Pompeo slams China’s forced sterilisation of Uighur Muslims

Pompeo slams China’s forced sterilisation of Uighur Muslims
China's Uighur minority have faced gross human rights abuses.
3 min read
Zenz argues that these findings provide strong evidence of Beijing meeting the genocide criteria. [Getty]

US Secretary of State Mike Pompeo has labelled a report exposing China's use of forced sterilisation to curb the Uighur Muslim minority population as "disturbing".

Pompeo, a staunch critic of China, said that the report by German researcher Adrian Zenz and published by a Washington-based think-tank shows "an utter disregard for the sanctity of human life and basic human dignity".

"We call on the Chinese Communist Party to immediately end these horrific practices and ask all nations to join the United States in demanding an end to these dehumanising abuses."

The "shocking report" exposed shocking draconian measures deployed by China against the Uighur population in the Xinjiang region, including mass sterilisation through forced IUD implants.

In the report published by the Jamestown Foundation, 2019 documents revealed that regional Chinese authorities targeted up to one third of all married women of childbearing age with the sterlisation campaign.

Budget figures indicate that "hundreds of thousands of tubal ligation sterilisation procedures" were planned.

Zenz argued that these findings provide strong evidence of Beijing meeting the genocide criteria under the UN Convention on the Prevention and Punishment of the Crime of Genocide, by "imposing measures intended to prevent births within the group".

"This kind of drop is unprecedented... there's a ruthlessness to it," said Zenz, a leading expert in the policing of China's minority regions.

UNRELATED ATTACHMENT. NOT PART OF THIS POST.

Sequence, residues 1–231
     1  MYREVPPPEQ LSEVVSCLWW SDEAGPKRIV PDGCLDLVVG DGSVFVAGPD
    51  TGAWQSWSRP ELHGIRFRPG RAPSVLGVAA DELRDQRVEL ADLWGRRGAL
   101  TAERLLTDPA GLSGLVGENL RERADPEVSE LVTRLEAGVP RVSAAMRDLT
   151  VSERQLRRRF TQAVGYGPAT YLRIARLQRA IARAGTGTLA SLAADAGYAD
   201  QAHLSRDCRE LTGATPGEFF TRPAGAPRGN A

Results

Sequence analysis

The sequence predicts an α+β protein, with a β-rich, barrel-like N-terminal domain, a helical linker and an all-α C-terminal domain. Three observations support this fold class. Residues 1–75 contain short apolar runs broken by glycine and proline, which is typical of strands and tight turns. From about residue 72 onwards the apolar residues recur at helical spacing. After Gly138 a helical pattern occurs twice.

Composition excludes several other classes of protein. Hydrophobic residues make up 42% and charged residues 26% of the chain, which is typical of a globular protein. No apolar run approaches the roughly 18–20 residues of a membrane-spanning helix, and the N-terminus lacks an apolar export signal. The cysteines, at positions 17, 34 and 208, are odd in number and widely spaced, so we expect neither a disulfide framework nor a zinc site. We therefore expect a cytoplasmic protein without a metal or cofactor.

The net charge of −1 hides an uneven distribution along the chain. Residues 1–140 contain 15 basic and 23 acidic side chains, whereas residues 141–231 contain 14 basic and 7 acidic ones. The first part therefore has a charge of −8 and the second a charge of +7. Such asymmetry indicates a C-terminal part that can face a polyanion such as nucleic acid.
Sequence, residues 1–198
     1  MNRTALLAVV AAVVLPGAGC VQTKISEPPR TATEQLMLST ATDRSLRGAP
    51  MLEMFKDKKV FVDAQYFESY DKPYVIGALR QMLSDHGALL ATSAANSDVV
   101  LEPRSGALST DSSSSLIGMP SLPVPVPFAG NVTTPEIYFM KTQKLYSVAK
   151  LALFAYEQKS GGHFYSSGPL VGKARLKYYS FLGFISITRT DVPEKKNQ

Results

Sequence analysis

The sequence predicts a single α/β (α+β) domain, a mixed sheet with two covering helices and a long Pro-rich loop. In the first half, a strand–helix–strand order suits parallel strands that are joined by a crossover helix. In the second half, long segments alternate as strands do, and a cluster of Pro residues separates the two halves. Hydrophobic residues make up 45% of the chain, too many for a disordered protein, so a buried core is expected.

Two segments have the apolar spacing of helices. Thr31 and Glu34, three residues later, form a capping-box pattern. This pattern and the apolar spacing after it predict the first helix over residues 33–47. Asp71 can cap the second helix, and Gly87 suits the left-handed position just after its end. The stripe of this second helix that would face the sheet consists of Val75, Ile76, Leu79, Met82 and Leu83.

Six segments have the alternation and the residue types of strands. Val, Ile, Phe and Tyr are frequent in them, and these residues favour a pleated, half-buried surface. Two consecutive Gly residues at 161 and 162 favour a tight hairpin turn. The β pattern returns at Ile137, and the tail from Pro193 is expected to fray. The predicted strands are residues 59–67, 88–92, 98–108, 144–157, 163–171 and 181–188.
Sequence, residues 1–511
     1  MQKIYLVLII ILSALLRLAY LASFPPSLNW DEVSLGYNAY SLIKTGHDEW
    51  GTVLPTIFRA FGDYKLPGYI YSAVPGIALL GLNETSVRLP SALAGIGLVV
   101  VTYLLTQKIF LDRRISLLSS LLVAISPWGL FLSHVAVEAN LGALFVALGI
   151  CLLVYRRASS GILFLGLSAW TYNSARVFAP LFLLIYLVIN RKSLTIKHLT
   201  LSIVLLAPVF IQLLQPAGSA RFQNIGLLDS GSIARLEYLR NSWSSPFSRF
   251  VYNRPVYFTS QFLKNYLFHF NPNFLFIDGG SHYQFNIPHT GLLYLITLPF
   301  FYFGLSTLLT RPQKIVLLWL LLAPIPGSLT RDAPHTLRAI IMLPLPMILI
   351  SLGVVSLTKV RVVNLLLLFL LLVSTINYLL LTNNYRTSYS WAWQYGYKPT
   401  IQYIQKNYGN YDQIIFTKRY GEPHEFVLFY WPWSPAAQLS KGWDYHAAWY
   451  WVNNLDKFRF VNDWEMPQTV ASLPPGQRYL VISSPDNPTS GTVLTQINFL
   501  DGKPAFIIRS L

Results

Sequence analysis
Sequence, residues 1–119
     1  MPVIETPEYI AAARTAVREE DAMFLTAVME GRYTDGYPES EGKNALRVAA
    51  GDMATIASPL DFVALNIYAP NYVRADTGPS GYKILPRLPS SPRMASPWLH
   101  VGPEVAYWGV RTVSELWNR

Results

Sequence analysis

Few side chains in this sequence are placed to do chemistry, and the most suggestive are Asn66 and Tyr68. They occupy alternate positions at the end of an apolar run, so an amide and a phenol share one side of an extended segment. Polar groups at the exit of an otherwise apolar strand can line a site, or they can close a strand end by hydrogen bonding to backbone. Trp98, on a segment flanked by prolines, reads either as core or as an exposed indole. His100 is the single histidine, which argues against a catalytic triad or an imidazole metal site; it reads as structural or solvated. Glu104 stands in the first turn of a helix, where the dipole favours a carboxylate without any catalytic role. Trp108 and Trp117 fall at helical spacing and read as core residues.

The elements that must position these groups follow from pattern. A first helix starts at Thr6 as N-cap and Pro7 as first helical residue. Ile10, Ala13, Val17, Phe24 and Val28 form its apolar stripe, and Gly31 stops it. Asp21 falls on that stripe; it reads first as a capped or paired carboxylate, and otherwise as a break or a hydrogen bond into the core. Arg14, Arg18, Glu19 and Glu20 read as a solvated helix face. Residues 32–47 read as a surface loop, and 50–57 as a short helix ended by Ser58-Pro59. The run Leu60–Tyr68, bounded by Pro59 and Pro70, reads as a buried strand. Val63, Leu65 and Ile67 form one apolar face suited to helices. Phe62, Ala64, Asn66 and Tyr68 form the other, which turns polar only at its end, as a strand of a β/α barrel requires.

"This is part of a wider control campaign to subjugate the Uighurs."

China's embassy in Washington dismissed these allegations as "disinformation".

Experts say that the birth control campaign is part of a state-orchestrated assault on the Uighurs to purge them of their faith and identity and force them to assimilate into the dominant Han Chinese culture.

They are subjected to political and religious "re-education" in camps and forced labour at factories.

Children are indoctrinated in orphanages, while Uighurs - who are often but not always Muslim - are also tracked via a vast digital surveillance apparatus.

Once in the detention camps, Uighur women are subjected to forced IUDs and what appears to be pregnancy prevention shots, according to former detainees.

They are also made to attend lectures on how many children they should have.

Seven former detainees told the AP that they were force-fed birth control pills or injected with fluids, often with no explanation. Many felt dizzy, tired, or ill afterwards and women stopped getting their periods.

After being released and leaving China, some went to get medical check-ups and found they were sterile.

It's unclear what former detainees were injected with, but Xinjiang hospital slides obtained by AP show that pregnancy prevention injections - sometimes with the hormonal medication Depo-Provera - are a common family planning measure.

Chinese officials have said in the past that the new measures are merely meant to be fair, allowing both Han Chinese and ethnic minorities the same number of children.

State-backed scholars have for years alleged that large rural religious families were at the root of bombing, stabbing and other attacks the Xinjiang government blamed on Islamic extremists.

For decades, China had one of the most extensive systems of minority entitlements in the world, with Uighurs and others getting more points on college entrance exams, hiring quotas for government posts and laxer birth control restrictions.

Under China's now-abandoned 'one child' policy, the authorities had long encouraged, often forced, contraceptives, sterilisation and abortion on Han Chinese.

Minorities were allowed two children - three if they came from the countryside.

Under President Xi Jinping, China's most authoritarian leader in decades, those benefits are now being rolled back.

In 2014, soon after Xi visited Xinjiang, the region's top official said it was time to implement "equal family planning policies" for all ethnicities and "reduce and stabilise birth rates".

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